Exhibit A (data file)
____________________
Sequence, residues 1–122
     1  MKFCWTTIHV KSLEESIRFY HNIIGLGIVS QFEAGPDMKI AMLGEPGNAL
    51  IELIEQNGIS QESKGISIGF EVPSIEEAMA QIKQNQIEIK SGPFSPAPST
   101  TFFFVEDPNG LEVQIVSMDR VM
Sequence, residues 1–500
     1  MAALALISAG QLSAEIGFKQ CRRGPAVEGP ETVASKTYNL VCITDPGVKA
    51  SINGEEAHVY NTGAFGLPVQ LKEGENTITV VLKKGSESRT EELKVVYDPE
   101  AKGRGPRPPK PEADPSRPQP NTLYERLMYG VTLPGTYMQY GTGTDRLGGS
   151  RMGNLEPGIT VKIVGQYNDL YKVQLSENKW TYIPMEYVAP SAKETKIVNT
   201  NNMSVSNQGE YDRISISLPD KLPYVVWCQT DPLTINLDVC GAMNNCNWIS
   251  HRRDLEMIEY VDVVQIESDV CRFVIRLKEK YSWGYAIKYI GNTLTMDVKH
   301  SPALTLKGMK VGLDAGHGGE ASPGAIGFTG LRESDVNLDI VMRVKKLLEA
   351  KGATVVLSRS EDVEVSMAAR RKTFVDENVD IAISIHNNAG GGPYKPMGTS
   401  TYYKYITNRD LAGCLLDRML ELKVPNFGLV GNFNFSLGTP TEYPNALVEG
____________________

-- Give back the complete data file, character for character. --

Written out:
Sequence, residues 1–122
     1  MKFCWTTIHV KSLEESIRFY HNIIGLGIVS QFEAGPDMKI AMLGEPGNAL
    51  IELIEQNGIS QESKGISIGF EVPSIEEAMA QIKQNQIEIK SGPFSPAPST
   101  TFFFVEDPNG LEVQIVSMDR VM
Sequence, residues 1–500
     1  MAALALISAG QLSAEIGFKQ CRRGPAVEGP ETVASKTYNL VCITDPGVKA
    51  SINGEEAHVY NTGAFGLPVQ LKEGENTITV VLKKGSESRT EELKVVYDPE
   101  AKGRGPRPPK PEADPSRPQP NTLYERLMYG VTLPGTYMQY GTGTDRLGGS
   151  RMGNLEPGIT VKIVGQYNDL YKVQLSENKW TYIPMEYVAP SAKETKIVNT
   201  NNMSVSNQGE YDRISISLPD KLPYVVWCQT DPLTINLDVC GAMNNCNWIS
   251  HRRDLEMIEY VDVVQIESDV CRFVIRLKEK YSWGYAIKYI GNTLTMDVKH
   301  SPALTLKGMK VGLDAGHGGE ASPGAIGFTG LRESDVNLDI VMRVKKLLEA
   351  KGATVVLSRS EDVEVSMAAR RKTFVDENVD IAISIHNNAG GGPYKPMGTS
   401  TYYKYITNRD LAGCLLDRML ELKVPNFGLV GNFNFSLGTP TEYPNALVEG